This season, no Detroit Pistons player has been subject to more scrutiny than second-year point guard Killian Hayes. The 20-year-old was selected with the seventh overall pick in the 2020 NBA. Hayes missed the majority of his rookie season due to injury, missing all but 26 games.

Now, 84 games into his NBA career, Hayes has struggled to find his footing. The point guard has shown great promise as a passer and as a defender, but he has been poor as a scorer and shooter. Hayes has been timid driving towards the basket, often falling away from defenders rather than finishing through contact. He has been an abysmal three-point shooter; he shoots a career 27.3 percent from beyond the arc.

In mid-January, Hayes lost his starting spot in Detroit’s lineup, a spot he held since the very first game of his career. His shooting had regressed to worse than his rookie season, and he lacked confidence on the floor. His pairing with Cade Cunningham in the starting lineup was less than ideal. Both Hayes and Cunningham are at their best with the ball in their hands. Without the ball, Hayes is less effective, and since he struggles to shoot from the outside, he was a liability at times for Detroit’s offense.

Off the bench, Hayes has looked better and appears more confident. The 20-year-old is able to play as the lead ball-handler and play to his strengths as a playmaker and defender.

Just as the Pistons have started to hit their stride since the All-Star break, so has Hayes. In March, Hayes has been playing some of the best basketball of his NBA career.

Defense and playmaking

Hayes has always been a great playmaker for his teammates. The 20-year-old has made a habit of making thread-the-needle and cross court passes to find his teammates for easy looks.

His assists were down from his rookie season for most of the year. Through the end of February, Hayes only averaged 4.1 assists per game, one less than his season average from 2020-21. This comes as no real surprise. The second-year point guard’s usage rate dropped from 19 percent his rookie year to 15.1 percent this season.

In March, Hayes’ passing numbers have increased. He is currently averaging 5.1 assists and one secondary assist per game. When Hayes is on the floor, he assists 26.7 percent of his teammate’s buckets, creating 14.1 points per game off assists.

Hayes continues to be a stout defender for Detroit as well. His 109.4 defensive rating in March is the fourth highest among Pistons playing over 15 minutes per game. He uses his wingspan to his advantage by disrupting passing lanes. He averages 1.1 steals per game in addition to a team leading 2.8 deflections in March. Hayes also leads the team in loose balls recovered at 1.1 per game.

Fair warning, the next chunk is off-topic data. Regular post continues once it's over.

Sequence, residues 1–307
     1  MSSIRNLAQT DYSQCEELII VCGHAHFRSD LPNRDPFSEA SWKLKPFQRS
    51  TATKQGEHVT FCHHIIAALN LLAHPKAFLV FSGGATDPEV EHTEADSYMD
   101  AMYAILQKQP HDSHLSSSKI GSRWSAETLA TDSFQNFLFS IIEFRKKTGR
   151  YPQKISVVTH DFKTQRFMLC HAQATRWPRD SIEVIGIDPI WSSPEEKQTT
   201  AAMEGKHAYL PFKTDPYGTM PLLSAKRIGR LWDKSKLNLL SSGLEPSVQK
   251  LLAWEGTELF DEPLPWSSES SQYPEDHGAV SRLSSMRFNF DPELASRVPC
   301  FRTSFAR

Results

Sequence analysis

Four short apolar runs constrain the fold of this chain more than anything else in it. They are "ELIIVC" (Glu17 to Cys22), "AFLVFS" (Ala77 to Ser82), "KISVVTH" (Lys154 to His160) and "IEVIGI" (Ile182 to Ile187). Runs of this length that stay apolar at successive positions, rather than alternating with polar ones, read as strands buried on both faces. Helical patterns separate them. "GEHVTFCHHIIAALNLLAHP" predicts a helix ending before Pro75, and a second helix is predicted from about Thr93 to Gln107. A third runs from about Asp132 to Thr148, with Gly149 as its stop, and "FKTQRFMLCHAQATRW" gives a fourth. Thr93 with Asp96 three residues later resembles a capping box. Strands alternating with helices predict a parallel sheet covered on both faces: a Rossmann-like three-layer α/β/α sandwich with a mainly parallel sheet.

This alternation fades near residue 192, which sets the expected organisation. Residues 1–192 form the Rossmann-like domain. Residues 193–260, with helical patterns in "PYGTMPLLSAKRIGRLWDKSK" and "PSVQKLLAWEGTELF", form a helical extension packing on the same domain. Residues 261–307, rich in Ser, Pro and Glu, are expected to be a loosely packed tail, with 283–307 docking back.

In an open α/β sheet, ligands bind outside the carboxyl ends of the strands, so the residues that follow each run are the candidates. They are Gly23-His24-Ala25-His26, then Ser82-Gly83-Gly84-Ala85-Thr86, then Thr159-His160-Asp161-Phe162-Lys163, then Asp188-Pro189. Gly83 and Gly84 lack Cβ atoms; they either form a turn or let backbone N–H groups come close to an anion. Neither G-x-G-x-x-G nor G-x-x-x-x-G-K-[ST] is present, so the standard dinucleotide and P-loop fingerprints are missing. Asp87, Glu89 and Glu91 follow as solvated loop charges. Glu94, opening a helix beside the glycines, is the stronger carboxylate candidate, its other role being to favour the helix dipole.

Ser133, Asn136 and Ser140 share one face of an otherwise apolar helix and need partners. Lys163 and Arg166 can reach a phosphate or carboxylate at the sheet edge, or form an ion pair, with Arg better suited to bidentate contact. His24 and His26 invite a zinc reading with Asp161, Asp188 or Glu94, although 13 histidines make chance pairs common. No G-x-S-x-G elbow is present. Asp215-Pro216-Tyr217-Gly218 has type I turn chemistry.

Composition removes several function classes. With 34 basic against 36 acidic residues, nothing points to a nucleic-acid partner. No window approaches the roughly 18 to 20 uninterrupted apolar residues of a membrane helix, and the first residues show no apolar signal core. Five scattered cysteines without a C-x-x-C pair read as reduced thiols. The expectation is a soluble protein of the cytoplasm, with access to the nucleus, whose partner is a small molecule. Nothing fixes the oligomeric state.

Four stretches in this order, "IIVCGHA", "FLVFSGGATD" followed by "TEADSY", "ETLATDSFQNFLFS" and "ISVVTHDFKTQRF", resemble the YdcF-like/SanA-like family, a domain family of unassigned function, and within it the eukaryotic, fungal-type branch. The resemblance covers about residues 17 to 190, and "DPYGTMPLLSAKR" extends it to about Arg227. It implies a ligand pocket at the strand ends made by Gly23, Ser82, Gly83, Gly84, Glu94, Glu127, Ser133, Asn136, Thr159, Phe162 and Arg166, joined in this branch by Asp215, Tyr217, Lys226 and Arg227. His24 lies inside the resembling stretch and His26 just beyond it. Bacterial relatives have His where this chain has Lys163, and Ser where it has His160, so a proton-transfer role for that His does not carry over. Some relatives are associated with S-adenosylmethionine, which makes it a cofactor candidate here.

Hayes is becoming a respectable scorer

Shooting has been a major concern for Hayes in his career. Very early in the season, it looked like Hayes was starting to put it together from deep. He shot 43.3 percent from beyond the arc in the first 11 games of the season, but his following games through the end of February saw his three-point shooting dip to 20.5 percent.

Hayes has improved his three-point shot in March. Excluding Detroit’s first two games of the month where Hayes went zero-for-two in both games, the lefty is shooting 40 percent on 2.1 attempts from beyond the arc per game.

His catch-and-shoot numbers have been even better. Hayes sinks 46.2 catch-and-shoot threes on 1.9 attempts per game in his last seven games. Jerami Grant is the only Piston connecting on more of his attempted catch-and-shoot three-pointers during that span.

Since coming off the bench, Hayes has started to attack the basket with more confidence. He will still look to avoid finishing through contact at times, but the 20-year-old has been more decisive and aggressive at the rim. Since coming off the bench in mid-January, Hayes is scoring 2.7 points per game off of 6.1 drives. He is sinking 47.5 percent of his shots off drive attempts, a marked improvement from his 32 starts to open the season where he shot 32 percent off drives.

In March, it has been much of the same, Hayes is sinking 41.7 percent of his attempts off drives to the basket.

Sustainability remains a question mark for Hayes’ shooting. If he can continue shooting efficiently from beyond the arc and continue to build his confidence finishing off drives, Hayes could develop into a viable backcourt partner to pair with Cunningham.

(Featured Image Credit: Raj Mehta-USA TODAY Sports)

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